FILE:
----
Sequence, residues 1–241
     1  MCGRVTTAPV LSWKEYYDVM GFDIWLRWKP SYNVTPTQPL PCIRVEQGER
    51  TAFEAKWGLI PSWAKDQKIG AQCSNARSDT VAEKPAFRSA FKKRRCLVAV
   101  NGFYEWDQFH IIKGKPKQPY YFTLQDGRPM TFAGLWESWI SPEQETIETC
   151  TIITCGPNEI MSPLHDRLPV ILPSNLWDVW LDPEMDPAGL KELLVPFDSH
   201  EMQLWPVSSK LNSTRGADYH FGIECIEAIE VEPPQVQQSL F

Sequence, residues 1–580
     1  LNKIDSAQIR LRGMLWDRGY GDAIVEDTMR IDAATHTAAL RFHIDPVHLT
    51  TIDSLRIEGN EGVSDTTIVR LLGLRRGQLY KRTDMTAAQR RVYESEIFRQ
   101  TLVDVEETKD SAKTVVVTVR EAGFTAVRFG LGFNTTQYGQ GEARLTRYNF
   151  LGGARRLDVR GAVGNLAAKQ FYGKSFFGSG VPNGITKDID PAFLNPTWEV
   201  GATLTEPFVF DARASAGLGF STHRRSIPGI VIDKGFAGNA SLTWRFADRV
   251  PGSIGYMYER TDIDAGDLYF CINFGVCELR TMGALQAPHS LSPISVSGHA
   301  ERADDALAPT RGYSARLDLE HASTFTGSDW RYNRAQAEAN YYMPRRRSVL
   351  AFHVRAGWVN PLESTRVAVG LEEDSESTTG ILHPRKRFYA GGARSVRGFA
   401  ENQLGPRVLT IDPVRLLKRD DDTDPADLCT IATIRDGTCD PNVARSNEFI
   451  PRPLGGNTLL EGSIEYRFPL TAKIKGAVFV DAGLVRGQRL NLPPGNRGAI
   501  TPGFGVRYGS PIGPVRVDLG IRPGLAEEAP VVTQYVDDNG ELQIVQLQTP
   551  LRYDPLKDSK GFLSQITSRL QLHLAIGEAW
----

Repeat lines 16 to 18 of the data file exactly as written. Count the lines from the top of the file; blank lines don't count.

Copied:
   401  ENQLGPRVLT IDPVRLLKRD DDTDPADLCT IATIRDGTCD PNVARSNEFI
   451  PRPLGGNTLL EGSIEYRFPL TAKIKGAVFV DAGLVRGQRL NLPPGNRGAI
   501  TPGFGVRYGS PIGPVRVDLG IRPGLAEEAP VVTQYVDDNG ELQIVQLQTP